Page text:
Introduction

Children are a wonderful blessing entrusted to parents, teachers, guardians and the society to cherish. Raising a child is a wonderful role replete with joy and challenges in equal measure. A child needs disciplining from time to time. 

Parents around the world employ different ways of disciplining their children. The approach taken usually depends on the parents’ upbringing, culture and religious beliefs as well as personal opinion on the issue. 

Parents who want to learn new ways of disciplining children should apply the Montessori approach

   The Montessori Approach To Disciplining A Child

What does the Montessori approach entail? 

Generally, it entails finding the balance between discipline and freedom. It revolves around the understanding that children need their freedom. That freedom should not be curtailed simply because a parent or teacher wants the young one to grow up disciplined. 

Finding that balance – and maintaining it – can be the real challenge. The approach borrows heavily from Maria Montessori’s philosophy. She believed that adults should treat children the way they would like to be treated. She advocated treating children respectfully. 

Parents have to respect children if this approach is to produce the desired results. 

Adults should discipline their children using this approach consistently. Do not be afraid of repeating yourself. Here, repetition is the key. Exercise patience instead of jumping out of your skin if you see no change in your child’s behaviour.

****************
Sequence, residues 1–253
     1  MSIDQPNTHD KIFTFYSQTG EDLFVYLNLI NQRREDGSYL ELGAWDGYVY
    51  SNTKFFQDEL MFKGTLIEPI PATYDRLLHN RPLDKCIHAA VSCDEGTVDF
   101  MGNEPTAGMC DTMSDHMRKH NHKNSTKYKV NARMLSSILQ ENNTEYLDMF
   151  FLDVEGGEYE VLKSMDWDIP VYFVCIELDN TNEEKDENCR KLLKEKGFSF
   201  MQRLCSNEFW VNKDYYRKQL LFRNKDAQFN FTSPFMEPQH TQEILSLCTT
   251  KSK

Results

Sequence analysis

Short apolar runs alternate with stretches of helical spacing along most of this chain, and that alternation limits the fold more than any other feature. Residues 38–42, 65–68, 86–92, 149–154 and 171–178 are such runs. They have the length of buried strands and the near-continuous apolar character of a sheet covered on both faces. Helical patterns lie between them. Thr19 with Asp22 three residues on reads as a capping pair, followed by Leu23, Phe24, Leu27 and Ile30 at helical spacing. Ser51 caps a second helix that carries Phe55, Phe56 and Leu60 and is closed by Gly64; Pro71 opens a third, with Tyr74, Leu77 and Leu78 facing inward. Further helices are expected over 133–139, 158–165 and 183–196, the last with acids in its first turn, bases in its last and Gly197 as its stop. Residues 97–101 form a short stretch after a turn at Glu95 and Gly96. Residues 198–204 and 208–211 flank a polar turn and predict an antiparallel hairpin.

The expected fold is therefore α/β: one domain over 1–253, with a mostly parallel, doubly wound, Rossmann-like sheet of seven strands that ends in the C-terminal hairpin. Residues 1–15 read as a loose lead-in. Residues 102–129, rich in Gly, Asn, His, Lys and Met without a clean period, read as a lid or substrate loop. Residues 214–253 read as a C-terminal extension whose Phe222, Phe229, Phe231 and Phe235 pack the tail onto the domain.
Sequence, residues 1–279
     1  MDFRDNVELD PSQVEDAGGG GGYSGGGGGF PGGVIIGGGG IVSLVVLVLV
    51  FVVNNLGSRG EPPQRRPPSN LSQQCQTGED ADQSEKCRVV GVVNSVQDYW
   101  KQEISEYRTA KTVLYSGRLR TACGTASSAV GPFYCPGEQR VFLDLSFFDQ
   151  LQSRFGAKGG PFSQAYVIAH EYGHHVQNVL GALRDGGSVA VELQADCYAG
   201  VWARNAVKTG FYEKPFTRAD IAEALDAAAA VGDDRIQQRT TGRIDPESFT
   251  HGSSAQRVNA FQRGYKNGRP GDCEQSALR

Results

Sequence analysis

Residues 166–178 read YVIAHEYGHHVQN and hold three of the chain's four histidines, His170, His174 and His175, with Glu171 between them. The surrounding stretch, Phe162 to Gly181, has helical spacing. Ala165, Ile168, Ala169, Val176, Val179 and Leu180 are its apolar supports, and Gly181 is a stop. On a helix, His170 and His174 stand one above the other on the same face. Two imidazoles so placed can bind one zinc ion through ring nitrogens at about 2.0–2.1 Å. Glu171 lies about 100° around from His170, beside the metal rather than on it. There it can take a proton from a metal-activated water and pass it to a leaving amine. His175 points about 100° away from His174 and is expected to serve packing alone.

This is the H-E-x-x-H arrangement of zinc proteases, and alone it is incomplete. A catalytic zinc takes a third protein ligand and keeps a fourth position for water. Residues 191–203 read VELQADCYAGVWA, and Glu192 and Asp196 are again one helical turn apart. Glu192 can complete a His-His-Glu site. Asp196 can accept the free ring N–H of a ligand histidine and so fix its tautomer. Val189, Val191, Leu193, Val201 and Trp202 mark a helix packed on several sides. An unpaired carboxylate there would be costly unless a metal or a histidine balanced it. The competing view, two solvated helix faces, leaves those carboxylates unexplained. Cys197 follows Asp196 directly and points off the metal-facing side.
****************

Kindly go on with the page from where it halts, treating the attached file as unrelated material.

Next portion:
It takes time for some of these lessons to stick to the children’ minds. 

Kaban Montessori Guide to Disciplining Children_environment.jpeg

Environment

It's in the planning

Prepare the environment

The Montessori approach encourages parents to focus on creating the sort of environment that enables children to learn to behave properly. Adults cannot leave this to chance. They must proactively design their children’s environment. 

Freedom is crucial in a child’s life. Therefore, adults have to find ways of allowing children as much freedom as they need to experiment and make mistakes. This would only be possible in the right environment though. 

Giving children the freedom to experiment and make mistakes teaches them many lessons too. 

Teach children the importance of doing important chores. For example, train them to clean the spaces they use. Let them know that you expect them to clean any mess they leave behind. Buy a few child accessible rags and supplies the children need to do their part. 

  Prepare the environment

Model appropriate behaviour in the environment

Children learn a lot from the adults around them. For this reason, learn to model good behaviour. Let the little ones see you doing what you always advise them to do. Let them see you behaving well within the environment you created. 

Let them see you cleaning up any mess you create. 

Allow them to clean their mess too. Start teaching them responsibility early. Children are more likely to behave properly when they are trained to be responsible from an early age. Do not wait until they are in their teens to embark on these lessons. 

We believe that every action has a reaction; it is a contrast that lets the child learn and understand resiliency.